INTERVENTION CUTS look increasingly unlikely to have a severe impact on milk prices in the short-term, despite the dire predictions of some processors and commentators.

Milk buyers had been accused of using the 6% average decrease in the value of intervened butter and skim milk, which will take effect from July, to talk the market down and prepare producers for a fall in milk prices – as low as 15p/litre in some cases.

But independent consultant Mike Bessey said: “It‘s a non-event, the markets are looking very positive. There is very little basis for farm-gate prices to fall at the present time.”

Mr Bessey said a reduction in milk output in the UK and across the EU, firm world commodity prices, good export demand and less competition than expected from the new EU member states had helped to keep farm-gate prices firmer than expected.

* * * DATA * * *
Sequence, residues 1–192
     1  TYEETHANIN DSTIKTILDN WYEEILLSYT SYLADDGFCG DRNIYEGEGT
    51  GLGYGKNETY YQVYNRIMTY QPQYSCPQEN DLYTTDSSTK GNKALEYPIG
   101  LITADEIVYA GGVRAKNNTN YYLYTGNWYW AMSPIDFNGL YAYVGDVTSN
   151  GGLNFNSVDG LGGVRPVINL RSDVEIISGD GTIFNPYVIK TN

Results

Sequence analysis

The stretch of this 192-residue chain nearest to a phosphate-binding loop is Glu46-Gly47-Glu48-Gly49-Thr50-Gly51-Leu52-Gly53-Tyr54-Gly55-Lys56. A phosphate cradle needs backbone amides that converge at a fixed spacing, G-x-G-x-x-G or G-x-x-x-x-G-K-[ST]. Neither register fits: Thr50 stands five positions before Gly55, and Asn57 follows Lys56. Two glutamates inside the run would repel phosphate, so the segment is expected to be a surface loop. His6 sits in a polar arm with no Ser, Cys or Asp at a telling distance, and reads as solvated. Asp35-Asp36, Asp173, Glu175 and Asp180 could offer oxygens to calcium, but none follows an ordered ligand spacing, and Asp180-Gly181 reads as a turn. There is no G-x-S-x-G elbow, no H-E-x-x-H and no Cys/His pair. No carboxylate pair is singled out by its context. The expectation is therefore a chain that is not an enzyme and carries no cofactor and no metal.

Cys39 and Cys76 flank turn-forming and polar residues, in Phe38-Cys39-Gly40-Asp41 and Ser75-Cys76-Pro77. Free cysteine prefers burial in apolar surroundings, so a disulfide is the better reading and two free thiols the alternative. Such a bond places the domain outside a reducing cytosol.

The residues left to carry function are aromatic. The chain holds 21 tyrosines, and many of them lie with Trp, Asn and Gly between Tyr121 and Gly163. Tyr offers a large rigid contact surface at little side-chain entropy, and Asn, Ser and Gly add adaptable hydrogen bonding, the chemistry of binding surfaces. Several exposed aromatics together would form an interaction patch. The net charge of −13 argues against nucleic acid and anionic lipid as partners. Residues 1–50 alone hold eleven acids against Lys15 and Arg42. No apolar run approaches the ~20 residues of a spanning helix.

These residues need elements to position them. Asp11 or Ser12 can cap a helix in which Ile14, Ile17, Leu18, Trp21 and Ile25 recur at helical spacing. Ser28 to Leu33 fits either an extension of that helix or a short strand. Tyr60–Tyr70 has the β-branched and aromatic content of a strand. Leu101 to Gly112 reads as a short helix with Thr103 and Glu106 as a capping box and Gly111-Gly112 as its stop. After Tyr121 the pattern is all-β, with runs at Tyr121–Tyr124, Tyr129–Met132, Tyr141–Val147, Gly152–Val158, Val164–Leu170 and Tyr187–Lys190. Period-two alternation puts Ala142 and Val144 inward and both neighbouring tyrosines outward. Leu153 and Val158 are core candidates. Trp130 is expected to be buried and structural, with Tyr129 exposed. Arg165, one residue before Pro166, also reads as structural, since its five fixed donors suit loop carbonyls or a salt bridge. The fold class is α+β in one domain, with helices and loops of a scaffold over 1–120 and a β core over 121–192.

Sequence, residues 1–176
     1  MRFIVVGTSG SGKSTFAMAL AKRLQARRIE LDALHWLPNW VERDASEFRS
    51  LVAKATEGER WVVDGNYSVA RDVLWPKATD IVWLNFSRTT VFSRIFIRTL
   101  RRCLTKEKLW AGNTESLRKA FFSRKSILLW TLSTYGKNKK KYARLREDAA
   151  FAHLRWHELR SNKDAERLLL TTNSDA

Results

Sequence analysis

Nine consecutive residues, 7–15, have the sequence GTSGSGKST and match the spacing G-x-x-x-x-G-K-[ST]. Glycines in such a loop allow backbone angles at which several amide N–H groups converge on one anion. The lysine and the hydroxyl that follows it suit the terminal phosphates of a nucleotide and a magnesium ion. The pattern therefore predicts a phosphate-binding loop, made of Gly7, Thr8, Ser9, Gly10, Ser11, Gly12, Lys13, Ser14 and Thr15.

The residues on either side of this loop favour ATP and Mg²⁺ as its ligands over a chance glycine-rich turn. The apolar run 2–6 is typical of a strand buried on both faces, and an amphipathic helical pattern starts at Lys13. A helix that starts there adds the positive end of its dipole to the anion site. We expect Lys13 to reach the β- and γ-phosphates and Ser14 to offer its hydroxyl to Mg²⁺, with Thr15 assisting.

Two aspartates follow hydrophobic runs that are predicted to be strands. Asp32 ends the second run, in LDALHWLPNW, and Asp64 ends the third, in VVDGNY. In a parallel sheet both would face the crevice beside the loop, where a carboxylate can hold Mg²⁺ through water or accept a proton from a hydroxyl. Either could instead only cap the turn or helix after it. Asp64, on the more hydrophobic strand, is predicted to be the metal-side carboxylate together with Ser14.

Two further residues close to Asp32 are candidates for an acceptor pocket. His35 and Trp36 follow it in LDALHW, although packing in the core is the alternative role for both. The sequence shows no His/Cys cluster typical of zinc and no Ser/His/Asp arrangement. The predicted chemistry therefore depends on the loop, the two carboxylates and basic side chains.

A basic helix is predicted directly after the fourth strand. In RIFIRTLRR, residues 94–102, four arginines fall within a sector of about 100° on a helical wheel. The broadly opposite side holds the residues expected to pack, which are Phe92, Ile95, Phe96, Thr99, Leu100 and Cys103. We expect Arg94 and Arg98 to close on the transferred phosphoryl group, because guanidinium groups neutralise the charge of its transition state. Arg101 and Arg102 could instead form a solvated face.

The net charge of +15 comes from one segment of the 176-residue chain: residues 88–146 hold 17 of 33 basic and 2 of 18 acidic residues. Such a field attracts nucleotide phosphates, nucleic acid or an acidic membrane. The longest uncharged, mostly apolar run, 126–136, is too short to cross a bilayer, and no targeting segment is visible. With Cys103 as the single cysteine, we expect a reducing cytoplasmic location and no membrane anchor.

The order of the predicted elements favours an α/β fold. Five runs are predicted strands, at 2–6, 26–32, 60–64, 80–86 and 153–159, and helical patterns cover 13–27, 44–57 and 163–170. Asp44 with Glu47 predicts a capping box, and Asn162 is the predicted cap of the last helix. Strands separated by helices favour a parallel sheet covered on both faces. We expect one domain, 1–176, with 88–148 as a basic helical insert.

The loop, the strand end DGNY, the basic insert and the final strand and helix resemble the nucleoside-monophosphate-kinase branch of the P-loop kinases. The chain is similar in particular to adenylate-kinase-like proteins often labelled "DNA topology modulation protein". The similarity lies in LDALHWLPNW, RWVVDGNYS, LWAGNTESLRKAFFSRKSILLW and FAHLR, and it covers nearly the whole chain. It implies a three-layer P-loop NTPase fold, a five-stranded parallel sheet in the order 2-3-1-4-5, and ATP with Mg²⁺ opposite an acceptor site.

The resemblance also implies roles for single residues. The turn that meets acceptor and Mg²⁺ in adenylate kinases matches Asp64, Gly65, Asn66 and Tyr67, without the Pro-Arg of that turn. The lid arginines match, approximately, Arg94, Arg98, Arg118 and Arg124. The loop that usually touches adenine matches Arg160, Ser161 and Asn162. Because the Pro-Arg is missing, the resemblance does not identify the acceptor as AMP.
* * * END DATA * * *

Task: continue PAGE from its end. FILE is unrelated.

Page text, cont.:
Dairy Crest has now decided against a mooted price cut in July.

Arthur Reeves, the milk processor‘s purchasing director said the July reduction in intervention prices had not affected the commodity market as much as expected.

“We‘re trying very hard to make sure we don‘t talk the market down.”

But he warned: “Let us not forget that this is the first intervention price cut out of four [over four years] that will be equivalent overall to 22%.

“While prices may be defying gravity for the time being they can‘t defy gravity for ever.”

Robert Wiseman Dairies said it had not decided on a July price yet. But it is widely expected that a cut is likely, with lower returns from the cream market perhaps being blamed.